6) How should I treat a fever of 102˚ to 104˚F?

A high fever is over 104˚F. Fevers are not harmful and do not need treatment. In fact, they turn on the body’s immune system and help fight infections. So if your child is sick, having a fever is beneficial.

7) It’s been three days, so why does my child still have a fever?

Fever caused by the flu viruses normally lasts two or three days. If the fever lasts more than three days (72 hours), your child may need to see a doctor. More importantly, if the fever goes away for more than 24 hours, then returns, bring your child to the doctor. He or she may have a secondary bacterial infection such as an ear infection.

8) Can I alternate Tylenol and ibuprofen?

It’s rarely necessary and we don’t recommend it. If your child’s doctor recommends it, however, we suggest you only do it for fevers over 104˚F that do not come down 2 degrees with one medicine alone. To safely alternate fever medication, administer Tylenol every four hours, and alternate with ibuprofen every 6 hours.  To avoid the risk of overdose, do not alternate medicines for more than 24 hours.

  • Do not give aspirin if your child or teen has the flu. 
  • Get information about acetaminophen and ibuprofen drug dosage from your doctor or pharmacist.

9) The fever is gone; why is my child still coughing?

Fever disappears when the immune system starts producing antibodies to fight the virus. The cough normally continues for two or three weeks due to a damaged lining of the throat and windpipe. Recent research showed that honey was more effective at quieting coughs than over-the-counter cough medicines. If coughing is non-stop and interferes with normal activities, however, your child should see a doctor to rule out underlying asthma. 10% of children have asthma and it can be well controlled with asthma medicines.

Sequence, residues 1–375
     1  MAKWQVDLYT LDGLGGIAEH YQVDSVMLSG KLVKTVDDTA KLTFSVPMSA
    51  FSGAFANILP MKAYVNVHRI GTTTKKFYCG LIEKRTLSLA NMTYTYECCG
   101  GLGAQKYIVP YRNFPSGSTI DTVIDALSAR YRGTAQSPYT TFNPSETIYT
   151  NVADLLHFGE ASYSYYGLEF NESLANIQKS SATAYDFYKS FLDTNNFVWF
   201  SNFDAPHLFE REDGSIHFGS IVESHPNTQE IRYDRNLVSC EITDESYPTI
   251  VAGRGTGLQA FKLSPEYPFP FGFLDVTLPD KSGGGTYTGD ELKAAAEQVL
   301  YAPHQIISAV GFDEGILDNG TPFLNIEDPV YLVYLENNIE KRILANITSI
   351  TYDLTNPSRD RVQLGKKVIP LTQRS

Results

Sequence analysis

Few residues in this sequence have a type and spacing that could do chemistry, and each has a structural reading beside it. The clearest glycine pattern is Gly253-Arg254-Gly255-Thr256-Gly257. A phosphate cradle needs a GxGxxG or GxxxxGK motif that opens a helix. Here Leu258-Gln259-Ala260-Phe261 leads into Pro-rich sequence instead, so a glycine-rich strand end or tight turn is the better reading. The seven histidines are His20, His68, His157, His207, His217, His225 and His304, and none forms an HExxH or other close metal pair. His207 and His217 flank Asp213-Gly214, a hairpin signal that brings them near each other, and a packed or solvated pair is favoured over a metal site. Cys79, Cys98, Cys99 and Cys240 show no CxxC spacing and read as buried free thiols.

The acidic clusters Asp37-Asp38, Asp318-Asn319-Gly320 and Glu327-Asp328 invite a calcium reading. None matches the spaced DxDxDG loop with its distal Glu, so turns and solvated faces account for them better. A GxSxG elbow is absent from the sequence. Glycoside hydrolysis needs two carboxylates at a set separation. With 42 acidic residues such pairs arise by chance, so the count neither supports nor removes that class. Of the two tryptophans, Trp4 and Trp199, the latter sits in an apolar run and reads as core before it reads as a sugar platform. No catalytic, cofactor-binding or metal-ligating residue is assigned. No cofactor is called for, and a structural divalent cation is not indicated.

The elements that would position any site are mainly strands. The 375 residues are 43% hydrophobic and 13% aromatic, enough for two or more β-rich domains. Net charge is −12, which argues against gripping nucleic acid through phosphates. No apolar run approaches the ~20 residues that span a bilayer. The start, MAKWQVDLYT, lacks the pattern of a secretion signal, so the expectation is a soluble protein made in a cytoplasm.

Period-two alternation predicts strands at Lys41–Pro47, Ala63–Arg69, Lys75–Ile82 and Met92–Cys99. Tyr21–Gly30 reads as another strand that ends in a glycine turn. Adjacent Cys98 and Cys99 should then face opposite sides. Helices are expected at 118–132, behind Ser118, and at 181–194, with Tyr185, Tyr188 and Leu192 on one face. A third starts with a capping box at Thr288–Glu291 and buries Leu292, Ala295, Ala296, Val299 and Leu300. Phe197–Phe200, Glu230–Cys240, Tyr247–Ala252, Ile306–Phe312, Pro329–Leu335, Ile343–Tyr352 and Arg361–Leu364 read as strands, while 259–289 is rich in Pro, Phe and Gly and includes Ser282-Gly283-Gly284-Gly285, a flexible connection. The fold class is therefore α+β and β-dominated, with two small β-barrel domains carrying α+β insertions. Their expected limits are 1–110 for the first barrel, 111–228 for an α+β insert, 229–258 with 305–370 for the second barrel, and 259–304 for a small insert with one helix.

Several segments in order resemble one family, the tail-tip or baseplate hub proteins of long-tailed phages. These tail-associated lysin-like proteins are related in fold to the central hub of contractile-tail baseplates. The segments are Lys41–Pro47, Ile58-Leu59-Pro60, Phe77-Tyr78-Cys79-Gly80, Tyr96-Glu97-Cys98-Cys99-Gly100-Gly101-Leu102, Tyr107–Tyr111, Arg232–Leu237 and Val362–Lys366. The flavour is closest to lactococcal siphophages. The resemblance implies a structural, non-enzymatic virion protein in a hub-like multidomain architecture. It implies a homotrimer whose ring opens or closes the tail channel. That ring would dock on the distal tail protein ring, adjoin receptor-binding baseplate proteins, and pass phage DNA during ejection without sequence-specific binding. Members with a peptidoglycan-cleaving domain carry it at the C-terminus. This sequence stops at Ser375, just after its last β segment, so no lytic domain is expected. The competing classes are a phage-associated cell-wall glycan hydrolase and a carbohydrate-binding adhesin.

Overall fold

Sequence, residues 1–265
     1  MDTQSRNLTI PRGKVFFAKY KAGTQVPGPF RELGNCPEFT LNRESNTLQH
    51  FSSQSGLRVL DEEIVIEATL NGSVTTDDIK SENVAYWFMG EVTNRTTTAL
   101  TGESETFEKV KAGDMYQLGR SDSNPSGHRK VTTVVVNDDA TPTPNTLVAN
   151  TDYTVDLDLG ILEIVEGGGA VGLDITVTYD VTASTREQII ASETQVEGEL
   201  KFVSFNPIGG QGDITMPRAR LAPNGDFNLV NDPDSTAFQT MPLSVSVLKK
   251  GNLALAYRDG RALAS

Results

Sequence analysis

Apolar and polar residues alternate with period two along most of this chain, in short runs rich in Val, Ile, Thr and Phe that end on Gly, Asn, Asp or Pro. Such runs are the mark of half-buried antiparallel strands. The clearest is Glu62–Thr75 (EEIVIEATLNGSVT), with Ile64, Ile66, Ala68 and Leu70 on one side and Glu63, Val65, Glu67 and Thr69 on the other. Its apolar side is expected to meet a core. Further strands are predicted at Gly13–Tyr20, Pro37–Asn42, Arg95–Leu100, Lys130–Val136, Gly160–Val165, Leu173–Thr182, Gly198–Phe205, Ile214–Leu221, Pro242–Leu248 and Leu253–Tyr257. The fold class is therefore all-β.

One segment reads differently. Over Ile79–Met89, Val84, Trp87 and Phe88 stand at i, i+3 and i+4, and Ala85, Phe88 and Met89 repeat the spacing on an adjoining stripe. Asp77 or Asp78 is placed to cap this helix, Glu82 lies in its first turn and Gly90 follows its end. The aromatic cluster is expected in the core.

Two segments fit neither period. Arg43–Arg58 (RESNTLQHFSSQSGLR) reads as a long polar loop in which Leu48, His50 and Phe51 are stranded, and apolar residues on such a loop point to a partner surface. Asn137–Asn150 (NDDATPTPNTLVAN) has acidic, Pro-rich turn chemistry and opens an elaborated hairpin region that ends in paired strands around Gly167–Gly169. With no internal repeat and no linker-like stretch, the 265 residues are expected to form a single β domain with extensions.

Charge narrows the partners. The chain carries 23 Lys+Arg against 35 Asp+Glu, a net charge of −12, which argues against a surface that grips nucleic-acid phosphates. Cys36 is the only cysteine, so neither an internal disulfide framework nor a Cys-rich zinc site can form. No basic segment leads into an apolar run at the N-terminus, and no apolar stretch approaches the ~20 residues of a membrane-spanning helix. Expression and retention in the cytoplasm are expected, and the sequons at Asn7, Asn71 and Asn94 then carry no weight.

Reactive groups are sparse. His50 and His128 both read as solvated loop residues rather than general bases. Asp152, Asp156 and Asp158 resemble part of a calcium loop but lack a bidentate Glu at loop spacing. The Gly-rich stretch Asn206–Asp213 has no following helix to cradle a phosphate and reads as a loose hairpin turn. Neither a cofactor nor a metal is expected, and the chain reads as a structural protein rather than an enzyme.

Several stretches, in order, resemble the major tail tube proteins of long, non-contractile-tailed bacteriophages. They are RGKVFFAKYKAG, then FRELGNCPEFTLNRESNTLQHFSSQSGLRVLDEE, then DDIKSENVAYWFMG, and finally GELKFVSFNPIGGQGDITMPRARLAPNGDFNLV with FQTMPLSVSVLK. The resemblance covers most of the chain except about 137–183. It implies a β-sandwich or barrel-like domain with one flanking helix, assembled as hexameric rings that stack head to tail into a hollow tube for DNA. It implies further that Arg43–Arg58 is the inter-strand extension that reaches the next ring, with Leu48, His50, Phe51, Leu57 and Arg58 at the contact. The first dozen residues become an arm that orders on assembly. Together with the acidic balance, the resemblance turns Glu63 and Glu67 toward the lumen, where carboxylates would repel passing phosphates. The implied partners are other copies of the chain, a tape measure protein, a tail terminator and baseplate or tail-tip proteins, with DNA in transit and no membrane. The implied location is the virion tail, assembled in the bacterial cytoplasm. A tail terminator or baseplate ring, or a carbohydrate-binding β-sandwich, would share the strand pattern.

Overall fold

10) What should I do if my child is vomiting?

Treat with small amounts of clear fluids every 5 to 10 minutes. If your child becomes dehydrated or if isolated vomiting without diarrhea lasts more than 48 hours, your child should see a doctor. If your child only vomits after taking Tamiflu, try to hide the bitter flavor in foods such as chocolate syrup. If vomiting continues, your doctor may need to stop the Tamiflu.

In general, anyone who wants to reduce their chances of getting the flu can get vaccinated. However, certain people should get vaccinated each year. They are either people who are at high risk of having serious flu complications or people who live with or care for those at high risk for serious complications. 

The American Academy of Pediatrics (AAP) recommends annual trivalent seasonal influenza immunization for all individuals, including all children and adolescents, aged 6 months and older during the 2015-2016 influenza season. In addition, special efforts should be made to vaccinate individuals in the following groups:

  • All children (including infants born preterm) who are 6 months of age and older who have conditions that increase the risk of complications from influenza (e.g. children with chronic medical conditions such as asthma, diabetes mellitus, immunosuppression, or neurologic disorders)
  • All household contacts and out-of-home care providers of:
    • Children with high-risk conditions
    • Children aged <5 years, especially infants aged <6 months
    • All health care personnel (HCP)
    • All women who are pregnant, are considering pregnancy, have just delivered, or are breastfeeding during the influenza season.​

Flu vaccine recommendations for the 2017-2018 season

Health care providers have been advised not to use the LAIV Flumist (nasal spray) vaccine for the upcoming 2016-2017 season.  This decision has been made by experts from a vaccine advisory group to the Centers for Disease Control and Prevention (CDC) and the American Academy of Pediatrics agrees with this decision.  Studies showed that the nasal spray vaccine did not protect against certain strains of the flu virus over the past 3 seasons.  In order to provide children with the best possible protection against flu, the flu shot is likely to provide better protection compared with the nasal spray vaccine.

Get additional information about the 2017-2018 influenza vaccine.

This infographic explains how many doses of the influenza (flu) vaccine a child needs. It is for the 2017-2018 flu season and contains information from Children's Hospital Colorado.

Watch a video for tips on preventing the flu